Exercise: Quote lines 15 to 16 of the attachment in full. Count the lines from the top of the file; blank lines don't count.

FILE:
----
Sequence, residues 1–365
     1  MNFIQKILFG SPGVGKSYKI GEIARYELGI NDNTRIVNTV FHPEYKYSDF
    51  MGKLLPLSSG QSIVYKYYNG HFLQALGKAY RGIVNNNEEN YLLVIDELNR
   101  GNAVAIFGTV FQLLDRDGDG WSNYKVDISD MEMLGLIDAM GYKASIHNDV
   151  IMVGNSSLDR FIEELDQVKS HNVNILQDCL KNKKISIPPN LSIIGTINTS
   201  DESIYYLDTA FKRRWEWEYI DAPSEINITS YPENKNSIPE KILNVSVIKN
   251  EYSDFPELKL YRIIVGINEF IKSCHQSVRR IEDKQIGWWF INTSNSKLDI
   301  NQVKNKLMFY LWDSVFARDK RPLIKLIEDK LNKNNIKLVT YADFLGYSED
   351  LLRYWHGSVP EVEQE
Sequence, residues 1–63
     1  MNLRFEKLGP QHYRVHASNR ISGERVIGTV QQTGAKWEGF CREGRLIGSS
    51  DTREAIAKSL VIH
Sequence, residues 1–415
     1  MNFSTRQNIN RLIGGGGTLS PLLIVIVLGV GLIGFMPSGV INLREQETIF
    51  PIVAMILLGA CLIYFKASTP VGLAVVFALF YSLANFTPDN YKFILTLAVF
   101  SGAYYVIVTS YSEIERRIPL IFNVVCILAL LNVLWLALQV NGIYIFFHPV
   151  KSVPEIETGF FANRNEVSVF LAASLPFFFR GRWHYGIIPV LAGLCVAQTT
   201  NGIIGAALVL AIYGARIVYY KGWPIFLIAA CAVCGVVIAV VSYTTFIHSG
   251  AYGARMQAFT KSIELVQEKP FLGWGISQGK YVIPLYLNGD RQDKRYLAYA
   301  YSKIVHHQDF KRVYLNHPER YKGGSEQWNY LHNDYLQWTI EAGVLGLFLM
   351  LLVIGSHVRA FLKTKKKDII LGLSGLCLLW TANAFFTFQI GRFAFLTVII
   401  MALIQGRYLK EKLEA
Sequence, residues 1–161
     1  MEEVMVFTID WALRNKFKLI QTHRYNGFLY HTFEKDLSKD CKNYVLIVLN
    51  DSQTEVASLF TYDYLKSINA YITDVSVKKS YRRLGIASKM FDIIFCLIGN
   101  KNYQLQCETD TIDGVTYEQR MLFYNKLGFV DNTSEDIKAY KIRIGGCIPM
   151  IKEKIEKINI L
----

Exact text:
    51  PIVAMILLGA CLIYFKASTP VGLAVVFALF YSLANFTPDN YKFILTLAVF
   101  SGAYYVIVTS YSEIERRIPL IFNVVCILAL LNVLWLALQV NGIYIFFHPV